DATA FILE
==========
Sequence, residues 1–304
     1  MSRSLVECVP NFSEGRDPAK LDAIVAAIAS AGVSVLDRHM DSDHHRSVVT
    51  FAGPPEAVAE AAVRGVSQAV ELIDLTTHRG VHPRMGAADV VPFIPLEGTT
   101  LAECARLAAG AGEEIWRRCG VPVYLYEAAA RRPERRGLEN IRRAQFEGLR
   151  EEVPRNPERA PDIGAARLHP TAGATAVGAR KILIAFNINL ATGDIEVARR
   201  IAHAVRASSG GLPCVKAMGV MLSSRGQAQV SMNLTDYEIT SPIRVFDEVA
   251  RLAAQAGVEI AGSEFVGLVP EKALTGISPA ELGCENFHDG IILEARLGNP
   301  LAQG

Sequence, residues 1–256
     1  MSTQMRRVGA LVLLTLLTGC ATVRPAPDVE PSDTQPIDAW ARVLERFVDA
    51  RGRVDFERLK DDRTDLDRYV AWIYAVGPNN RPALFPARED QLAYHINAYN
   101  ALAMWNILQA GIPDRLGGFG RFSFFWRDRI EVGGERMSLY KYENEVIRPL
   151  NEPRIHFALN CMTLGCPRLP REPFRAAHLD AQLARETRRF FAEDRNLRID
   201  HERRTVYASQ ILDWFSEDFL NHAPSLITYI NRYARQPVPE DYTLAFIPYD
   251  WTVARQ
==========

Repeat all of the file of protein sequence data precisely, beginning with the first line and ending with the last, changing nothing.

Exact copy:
Sequence, residues 1–304
     1  MSRSLVECVP NFSEGRDPAK LDAIVAAIAS AGVSVLDRHM DSDHHRSVVT
    51  FAGPPEAVAE AAVRGVSQAV ELIDLTTHRG VHPRMGAADV VPFIPLEGTT
   101  LAECARLAAG AGEEIWRRCG VPVYLYEAAA RRPERRGLEN IRRAQFEGLR
   151  EEVPRNPERA PDIGAARLHP TAGATAVGAR KILIAFNINL ATGDIEVARR
   201  IAHAVRASSG GLPCVKAMGV MLSSRGQAQV SMNLTDYEIT SPIRVFDEVA
   251  RLAAQAGVEI AGSEFVGLVP EKALTGISPA ELGCENFHDG IILEARLGNP
   301  LAQG

Sequence, residues 1–256
     1  MSTQMRRVGA LVLLTLLTGC ATVRPAPDVE PSDTQPIDAW ARVLERFVDA
    51  RGRVDFERLK DDRTDLDRYV AWIYAVGPNN RPALFPARED QLAYHINAYN
   101  ALAMWNILQA GIPDRLGGFG RFSFFWRDRI EVGGERMSLY KYENEVIRPL
   151  NEPRIHFALN CMTLGCPRLP REPFRAAHLD AQLARETRRF FAEDRNLRID
   201  HERRTVYASQ ILDWFSEDFL NHAPSLITYI NRYARQPVPE DYTLAFIPYD
   251  WTVARQ